Everything is based on the idea of controlling the narrative that “Neymar Inc.” tries to exercise over its main asset, with the primary concern of ensuring the news is always limited to the field of play. His girlfriend, his son, legal disputes, transfer possibilities and even the logistics surrounding the treatment of his injury are treated as unsuitable subjects for a footballer.

In 2016, harsh criticism of the player during the early stages of the Olympics, especially from Walter Casagrande and Galvão Bueno, upset the relationship with Globo. The agreement between “Neymar Inc.” and the broadcaster, as revealed by the Folha newspaper in early 2018, would not be renewed, although the parties have since slowly become reacquainted.

The running of the machine that manages Neymar's career, however, has not changed, with the player always taking a back seat when faced with questions that even slightly stray beyond the four lines of the pitch. In April this year, Globo launched an operation to get him to appear on Altas Horas, with guests from his circle of friends, and went as far as sharing the same PR team. Unusually for a guest, the star did not have to face questions from the audience.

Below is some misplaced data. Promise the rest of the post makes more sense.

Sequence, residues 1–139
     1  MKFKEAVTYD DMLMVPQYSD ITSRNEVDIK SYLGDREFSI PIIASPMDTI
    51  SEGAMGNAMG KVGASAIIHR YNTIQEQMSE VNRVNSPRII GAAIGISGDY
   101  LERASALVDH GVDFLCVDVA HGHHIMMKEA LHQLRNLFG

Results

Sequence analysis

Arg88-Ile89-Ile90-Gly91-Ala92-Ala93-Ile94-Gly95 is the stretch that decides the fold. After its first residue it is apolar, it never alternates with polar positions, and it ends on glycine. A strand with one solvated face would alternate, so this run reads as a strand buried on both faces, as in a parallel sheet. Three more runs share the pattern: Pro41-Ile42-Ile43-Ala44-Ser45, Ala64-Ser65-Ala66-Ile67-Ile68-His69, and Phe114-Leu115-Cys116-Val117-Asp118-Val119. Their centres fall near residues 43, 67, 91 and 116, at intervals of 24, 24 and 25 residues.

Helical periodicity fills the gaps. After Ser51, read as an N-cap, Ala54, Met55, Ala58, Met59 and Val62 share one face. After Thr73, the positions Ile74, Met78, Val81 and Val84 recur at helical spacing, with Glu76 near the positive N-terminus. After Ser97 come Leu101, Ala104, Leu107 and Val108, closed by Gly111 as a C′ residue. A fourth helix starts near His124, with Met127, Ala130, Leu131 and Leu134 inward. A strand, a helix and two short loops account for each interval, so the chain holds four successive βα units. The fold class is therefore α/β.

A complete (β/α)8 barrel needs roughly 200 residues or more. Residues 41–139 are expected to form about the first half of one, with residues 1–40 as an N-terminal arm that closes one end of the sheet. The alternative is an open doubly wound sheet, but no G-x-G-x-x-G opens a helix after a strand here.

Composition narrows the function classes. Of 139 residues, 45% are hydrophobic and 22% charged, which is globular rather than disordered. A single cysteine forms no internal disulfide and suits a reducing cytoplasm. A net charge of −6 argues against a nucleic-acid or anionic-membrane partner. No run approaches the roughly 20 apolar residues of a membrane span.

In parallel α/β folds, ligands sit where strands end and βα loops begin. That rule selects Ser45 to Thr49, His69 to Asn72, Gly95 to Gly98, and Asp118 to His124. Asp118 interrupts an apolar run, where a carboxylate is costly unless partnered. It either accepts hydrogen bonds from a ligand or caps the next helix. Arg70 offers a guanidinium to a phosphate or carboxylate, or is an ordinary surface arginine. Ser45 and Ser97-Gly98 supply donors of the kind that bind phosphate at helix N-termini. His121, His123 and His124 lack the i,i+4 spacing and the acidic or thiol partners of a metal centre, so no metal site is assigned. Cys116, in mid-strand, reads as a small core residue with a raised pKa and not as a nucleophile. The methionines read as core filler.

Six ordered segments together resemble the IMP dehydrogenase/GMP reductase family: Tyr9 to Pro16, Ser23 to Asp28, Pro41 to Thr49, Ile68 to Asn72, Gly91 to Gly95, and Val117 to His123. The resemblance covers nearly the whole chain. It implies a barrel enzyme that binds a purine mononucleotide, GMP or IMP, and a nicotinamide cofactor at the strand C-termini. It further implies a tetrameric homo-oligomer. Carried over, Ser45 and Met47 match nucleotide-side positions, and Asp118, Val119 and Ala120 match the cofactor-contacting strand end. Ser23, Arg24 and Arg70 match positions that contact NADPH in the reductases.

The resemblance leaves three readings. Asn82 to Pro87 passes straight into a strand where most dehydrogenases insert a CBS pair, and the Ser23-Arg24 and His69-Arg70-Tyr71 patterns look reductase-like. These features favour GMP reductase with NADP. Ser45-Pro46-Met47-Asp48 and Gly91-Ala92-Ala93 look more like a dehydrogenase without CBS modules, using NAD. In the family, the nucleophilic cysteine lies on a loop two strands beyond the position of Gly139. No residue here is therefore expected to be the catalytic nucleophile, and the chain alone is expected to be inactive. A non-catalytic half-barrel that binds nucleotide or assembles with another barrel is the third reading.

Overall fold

Globo, through its communications department, declined to comment on the details of the relationship, saying only that there is no longer a contract with Neymar’s people. “The contract cited no longer exists. It was signed in 2014 and referred to Neymar's special participation in the channel’s programs and campaigns, as well as the use of audio-visual content produced by the player,” said a statement sent to UOL Esporte.

The relationship with foreign outlets is less deep rooted, but follows similar lines. When requesting an interview in late 2015, a journalist from the Catalan newspaper Mundo Deportivo sent both a question and a pre-prepared answer, requesting only an “ok” from the player's team. And documents obtained by UOL Esporte reveal that the companies were paid for interviews in 2015, with sums ranging from R$120,000 to R$200,000 changing hands, in exchange for which Neymar would speak to Japanese television, with an employee of the Rede Bandeirantes broadcasting network acting as an intermediary. A further 20 minute appearance by the player was negotiated for R$70,000.


“Neymar Inc.” Diversifies its Partnerships and Survives Setbacks

The Neymar brand has grown enormously since the striker established himself as one of the stars of the Santos first team in 2010. The activities of NR Sports have followed his rise, and the company has assumed global status, with divisions in the North America, Asian and European markets. In his worldwide search for deals, the player's father has authorized an extensive list of intermediaries and agents to attract business.